PID lockfile (was: PEP 3143: Standard daemon process library)

Ben Finney ben+python at
Thu Mar 26 09:49:02 CET 2009

(replying in ‘comp.lang.python’ for wider feedback on this issue)

On 26-Mar-2009, Francis Irving wrote:
> On Thu, Mar 26, 2009 at 12:51:06AM +1100, Ben Finney wrote:
> > The ‘python-daemon’ distribution includes a module,
> > ‘daemon.pidlockfile’. The ‘daemon.pidlockfile.PIDLockFile’ class is
> > intended to be used for this purpose.
> > I am working with the developer of ‘lockfile’ to incorporate the
> > ‘PIDLockFile’ class into that library.
> Ah! I didn't know about that! Can you update:
> a) The example in the PEP to use it.

No, PEP 3143 is deliberately not tied to that implementation. PID file
handling is purely an interface from the point of view of that PEP.

When I said “the PIDLockFile class is intended to be used for this
purpose”, that's strictly one-way. PEP 3143 is not meant to refer to
the PIDLockFile class, only to a generic interface (context manager)
for a ‘pidfile’ object.

If the ‘pidlockfile’ module improves enough, and the ‘lockfile’
maintainer gets my changes into a release in time, I may update the
PEP to recommend that; but so far, it's outside the scope.

> b) In the documentation, give a list of different classes that might
> be appropriate to use here. Recommending that one, but pointing to
> the ones in lockfile also.

I don't have one to recommend yet:

> c) Its own documentation (maybe some doctests in the source? or some
> help?) which show how it works.
> I'm still not having much luck with it though :(

This is part of why it's not recommended in the PEP; it's not really
ready. Thank you for testing it :-)

> It doesn't seem to have a constructor which sets its path, so do I
> do:
> ourlockfile = daemon.pidlockfile.PIDLockFile

Presuming you mean ‘daemon.pidlockfile.PIDLockFile()’ here (that is,
get the return value of the class constructor, not the class itself).

> ourlockfile.path = '/tmp/'
> context = daemon.DaemonContext(
>     pidfile=ourlockfile,
>     stdout=logout,
>     stderr=logout
> )
> If so, it doesn't work, it just exits without an error.

Can you please provide the full traceback?

> Another thing:
> I've noticed there are some ^L characters in, e.g. just
> before "class DaemonError", "def change_working_directory" etc.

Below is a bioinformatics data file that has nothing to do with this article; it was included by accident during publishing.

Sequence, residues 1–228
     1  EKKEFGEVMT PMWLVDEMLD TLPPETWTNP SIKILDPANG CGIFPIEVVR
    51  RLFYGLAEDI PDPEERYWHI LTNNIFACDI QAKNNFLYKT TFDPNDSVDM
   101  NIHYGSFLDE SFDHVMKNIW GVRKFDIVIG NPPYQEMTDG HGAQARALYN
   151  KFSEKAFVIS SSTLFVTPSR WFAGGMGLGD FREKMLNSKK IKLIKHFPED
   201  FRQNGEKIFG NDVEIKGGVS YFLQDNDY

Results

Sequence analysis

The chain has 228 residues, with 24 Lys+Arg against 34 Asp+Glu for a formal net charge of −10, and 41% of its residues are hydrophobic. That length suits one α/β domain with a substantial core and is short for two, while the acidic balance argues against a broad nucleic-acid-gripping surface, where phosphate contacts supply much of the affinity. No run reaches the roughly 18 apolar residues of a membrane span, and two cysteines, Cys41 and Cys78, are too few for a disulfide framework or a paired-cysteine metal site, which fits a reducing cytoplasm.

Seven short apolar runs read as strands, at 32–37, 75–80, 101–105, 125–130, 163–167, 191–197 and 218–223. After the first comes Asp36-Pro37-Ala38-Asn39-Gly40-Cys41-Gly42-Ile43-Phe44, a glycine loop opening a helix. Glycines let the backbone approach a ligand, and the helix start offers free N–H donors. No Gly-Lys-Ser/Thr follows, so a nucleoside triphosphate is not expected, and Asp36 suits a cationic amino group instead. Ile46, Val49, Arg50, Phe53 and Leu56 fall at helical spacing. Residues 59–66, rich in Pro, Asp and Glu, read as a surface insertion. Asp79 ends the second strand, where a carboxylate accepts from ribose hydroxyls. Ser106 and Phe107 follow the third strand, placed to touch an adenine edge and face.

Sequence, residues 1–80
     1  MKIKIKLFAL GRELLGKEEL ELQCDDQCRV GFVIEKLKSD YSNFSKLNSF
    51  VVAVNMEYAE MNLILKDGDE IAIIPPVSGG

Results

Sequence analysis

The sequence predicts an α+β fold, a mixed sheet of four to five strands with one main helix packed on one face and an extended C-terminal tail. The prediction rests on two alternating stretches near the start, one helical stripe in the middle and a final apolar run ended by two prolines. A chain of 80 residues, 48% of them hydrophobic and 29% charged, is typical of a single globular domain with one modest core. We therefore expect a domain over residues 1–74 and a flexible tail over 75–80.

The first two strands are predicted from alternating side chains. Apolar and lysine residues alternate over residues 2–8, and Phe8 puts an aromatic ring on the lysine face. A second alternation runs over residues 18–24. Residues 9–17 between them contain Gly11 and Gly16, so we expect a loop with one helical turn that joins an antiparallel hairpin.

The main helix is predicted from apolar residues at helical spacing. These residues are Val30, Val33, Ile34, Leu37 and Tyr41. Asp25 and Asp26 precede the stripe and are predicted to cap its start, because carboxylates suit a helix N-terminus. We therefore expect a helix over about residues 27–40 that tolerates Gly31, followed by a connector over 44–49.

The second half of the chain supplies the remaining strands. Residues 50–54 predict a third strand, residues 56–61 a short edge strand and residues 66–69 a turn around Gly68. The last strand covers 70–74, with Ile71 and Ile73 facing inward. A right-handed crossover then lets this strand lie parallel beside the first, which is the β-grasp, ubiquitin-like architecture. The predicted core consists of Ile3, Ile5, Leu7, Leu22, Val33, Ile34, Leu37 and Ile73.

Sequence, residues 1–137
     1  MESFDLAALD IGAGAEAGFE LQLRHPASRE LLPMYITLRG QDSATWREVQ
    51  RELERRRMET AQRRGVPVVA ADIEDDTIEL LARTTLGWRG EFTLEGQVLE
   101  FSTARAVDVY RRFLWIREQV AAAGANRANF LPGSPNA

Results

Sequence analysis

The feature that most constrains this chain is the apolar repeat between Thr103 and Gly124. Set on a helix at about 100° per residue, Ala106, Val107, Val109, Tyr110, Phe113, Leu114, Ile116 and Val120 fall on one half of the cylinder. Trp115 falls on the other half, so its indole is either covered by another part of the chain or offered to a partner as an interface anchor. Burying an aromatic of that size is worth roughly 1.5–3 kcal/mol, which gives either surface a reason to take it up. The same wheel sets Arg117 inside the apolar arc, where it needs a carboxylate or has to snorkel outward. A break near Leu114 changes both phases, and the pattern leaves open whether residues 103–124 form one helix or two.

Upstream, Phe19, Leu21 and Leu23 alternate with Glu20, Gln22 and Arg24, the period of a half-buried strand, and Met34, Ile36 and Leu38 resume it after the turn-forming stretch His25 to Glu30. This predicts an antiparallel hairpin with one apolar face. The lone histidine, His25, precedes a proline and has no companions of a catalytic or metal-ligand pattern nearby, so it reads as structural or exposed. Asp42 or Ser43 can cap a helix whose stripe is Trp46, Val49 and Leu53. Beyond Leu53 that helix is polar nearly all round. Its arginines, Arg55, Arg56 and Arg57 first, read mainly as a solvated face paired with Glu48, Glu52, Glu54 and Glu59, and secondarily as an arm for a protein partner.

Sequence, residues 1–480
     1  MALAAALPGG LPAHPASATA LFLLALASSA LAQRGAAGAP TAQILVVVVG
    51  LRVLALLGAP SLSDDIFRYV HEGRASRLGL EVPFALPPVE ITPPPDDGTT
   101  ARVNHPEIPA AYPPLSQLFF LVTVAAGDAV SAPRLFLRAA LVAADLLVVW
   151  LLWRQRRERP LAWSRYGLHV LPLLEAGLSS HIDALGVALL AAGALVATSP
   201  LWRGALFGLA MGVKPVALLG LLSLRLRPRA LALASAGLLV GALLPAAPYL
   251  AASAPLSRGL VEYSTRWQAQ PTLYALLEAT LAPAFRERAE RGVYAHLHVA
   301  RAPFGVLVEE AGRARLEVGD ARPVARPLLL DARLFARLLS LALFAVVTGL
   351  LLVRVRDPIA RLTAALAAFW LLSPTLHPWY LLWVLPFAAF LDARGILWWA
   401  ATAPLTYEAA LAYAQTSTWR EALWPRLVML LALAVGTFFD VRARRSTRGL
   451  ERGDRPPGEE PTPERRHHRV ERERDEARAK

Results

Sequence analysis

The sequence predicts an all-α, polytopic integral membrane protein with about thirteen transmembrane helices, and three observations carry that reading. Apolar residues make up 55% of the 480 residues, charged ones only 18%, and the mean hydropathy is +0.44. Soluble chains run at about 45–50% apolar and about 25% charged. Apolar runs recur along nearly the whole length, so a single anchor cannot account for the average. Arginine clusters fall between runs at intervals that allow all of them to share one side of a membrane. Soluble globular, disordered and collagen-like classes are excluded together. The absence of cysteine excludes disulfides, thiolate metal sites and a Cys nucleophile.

Yes. That is a page break (ASCII FF), useful for printing the file or
navigating the text file by “page”. Python, like most languages,
treats them like any other whitespace in the source.

> So, I think that PIDLockFile will leave the lockfile there if the
> daemon is killed abruptly (say with "kill -9" or due to some bug).
> Certainly, all the lock classes in have the problem that
> it stays locked int hat circumstance.

I have my programs delete the lockfile on start-up if it's stale (i.e.
check for the existence of the file on start-up and delete it if the
referenced PID is not running). Perhaps there are better ways.

> This page (which seems pretty good anyway, and I'm sure you've
> seen!) section 6) suggests using lockf, although I believe from
> elsewhere that fcntl will do also.

No, I've not seen that, but I have seen others; they tend to differ in
the details. I have looked for a more canonical reference for the
intricacies of PID file handling, but it seems to be much more ad hoc
than the definition of the daemonisation procedure.

> My impression is that the lockf is linked to the process, so if the
> process is killed the kernel will automatically free it. So my
> suggestion would be to store the pid in a pidfile, and lockf it. Not
> sure that is the exact convention used by most daemons on Debian,
> but it might be.

On Linux at least, ‘lockf’ is not defined to alter the file at all; it
doesn't cause it to be created nor removed. It is purely for a lock on
an existing file.

> It wouldn't be cross platform though. I imagine Windows code for
> this should be very different from Unix, however - making a service.

Explicitly outside the scope of PEP 3143; though it is hoped that the
described functionality will make a good basis on which to *build*
such a service, on Unix.

> Would be lovely to have something that provided one interface to
> both eventually, but probably too wild for now!

There is a skeletal PEP on the ‘python-ideas’ list for this purpose
Anyone should feel free to develop it further.

> > Thank you for your testing and feedback!
> And thank you!
> Your project is well worth doing, Unix daemons are so arcane, and to
> make them more Pythonic is lovely.

 \          “When we talk to God, we're praying. When God talks to us, |
  `\         we're schizophrenic.” —Jane Wagner, via Lily Tomlin, 1985 |
_o__)                                                                  |
Ben Finney <ben at>

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